Chicago is teeming with tourist attractions – the Bean at Millennium Park, Navy Pier, the Riverwalk, Wrigley Field – the list could go on and on. But this week a new spectacle has been drawing sightseers to a tree-lined sidewalk in a residential neighbourhood miles and miles from the Loop.

They come to see the Chicago Rat Hole.

An imprint in the concrete of what appears to be a rodent has been a curiosity on West Roscoe Street for decades, but it became a destination attraction this week after a Chicago artist posted a photo of it on social media. The post on X, formerly known as Twitter, has since been viewed more than 5 million times and has drawn hundreds of people a day to ooh and aah, giggle and take photos at a decades-old splat mark.

“It’s like a very viscerally silly thing to see,” Winslow Dumaine, who posted the photo, told The Washington Post.

Dumaine, who moved to Chicago in 2017, first heard of the rat hole last week. On Saturday, he was heading to the Roscoe Village neighbourhood to visit a shop that sells his artwork. His friend Hayley Hudson told him that, since he was in the area, he should keep an eye out for the Chicago Rat Hole.

“I didn’t know what she was talking about,” he said.

Dumaine made the trek, nevertheless, and upon seeing what his friend had been talking about, he burst into laughter.

“It’s just this perfect example of visual storytelling. You see it, and you can tell exactly what happened. It’s this thing that extends across language barriers,” he said, adding: “You could show this to someone 500 years ago, they would know exactly what happened.”

Dumaine took a photo and posted it on X. Within an hour, it was well on its way to going viral, which wasn’t exactly a surprise to Dumaine. He suspected it might be a hit. It was funny, physical and animal related.

“Everybody just thinks it’s fun. It’s incredibly hard to find things like that – pure, funny, silly things.”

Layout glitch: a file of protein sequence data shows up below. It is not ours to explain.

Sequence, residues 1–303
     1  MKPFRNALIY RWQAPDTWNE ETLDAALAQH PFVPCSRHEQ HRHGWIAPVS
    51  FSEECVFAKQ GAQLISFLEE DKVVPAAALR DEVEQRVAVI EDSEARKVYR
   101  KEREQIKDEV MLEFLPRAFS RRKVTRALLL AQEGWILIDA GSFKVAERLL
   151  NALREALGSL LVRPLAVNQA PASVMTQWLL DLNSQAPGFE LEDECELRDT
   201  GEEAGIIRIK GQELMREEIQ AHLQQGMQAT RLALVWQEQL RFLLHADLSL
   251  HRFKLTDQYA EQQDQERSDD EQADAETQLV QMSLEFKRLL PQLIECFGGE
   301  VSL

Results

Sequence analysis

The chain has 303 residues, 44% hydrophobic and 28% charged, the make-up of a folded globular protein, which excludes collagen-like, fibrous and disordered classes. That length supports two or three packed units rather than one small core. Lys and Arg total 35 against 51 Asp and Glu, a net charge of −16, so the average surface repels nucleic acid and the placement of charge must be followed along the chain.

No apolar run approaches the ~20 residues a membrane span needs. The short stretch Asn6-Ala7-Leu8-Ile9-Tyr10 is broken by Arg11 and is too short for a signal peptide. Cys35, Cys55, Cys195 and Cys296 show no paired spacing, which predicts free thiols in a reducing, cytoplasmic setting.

Cindy Nelson said that the imprint has been there ever since she and her husband moved to the neighbourhood in 1997, and that a neighbour who has lived there since the early ’90s told her it was there then, too. Residents who live on the block are tightknit, communicate often through group chat and are celebrating, if a little surprised at, the sudden popularity of their neighbourhood marvel.

“We’re fond of the little critter,” Nelson said. “We never thought people would think it’s this exciting.”

As Nelson and her husband raised three kids across the street from the splat mark, they noticed a pattern. Someone would be walking by the imprint, notice it, look more closely at it and laugh. Then they would look up to figure out what had caused it.

Years ago, there was a “huge, old, beautiful” oak tree above the imprint, Nelson said, adding that she believes it was actually a squirrel that fell out of the tree and plunged into fresh cement, making what would become known as a rat hole. That tree eventually got sick and was cut down, and so passersby looking up at nothing but sky in recent years grew visibly confused about how the imprint was made.

Nelson and Dumaine said the Chicago Rat Hole embodies the city it’s named after. For Nelson, the cheeky, decades-old imperfection captures the way Chicagoans can laugh at themselves. Dumaine said that Chicago can have a harsh climate, citing that in 2019, it was colder than the South Pole. But Chicagoans are gritty, a quality shared by the cement-covered rodent memorialised decades later on a random sidewalk.

“That rat fell in that cement, brushed himself off and went to work,” he added.

Dumaine said he posted a photo of the rat hole so others could share the joy it gave him. Although his art is admittedly “really grim, dark and morbid,” Dumaine said he’s an optimistic person who savours moments of joy whenever possible. When he saw the now famous Chicago Rat Hole, he saw an opportunity for others to join in.

“It is a very, very small thing – it’s just a picture of a splat mark – but it’s also part of a greater philosophy of just like, let’s make as many people smile as we can.”

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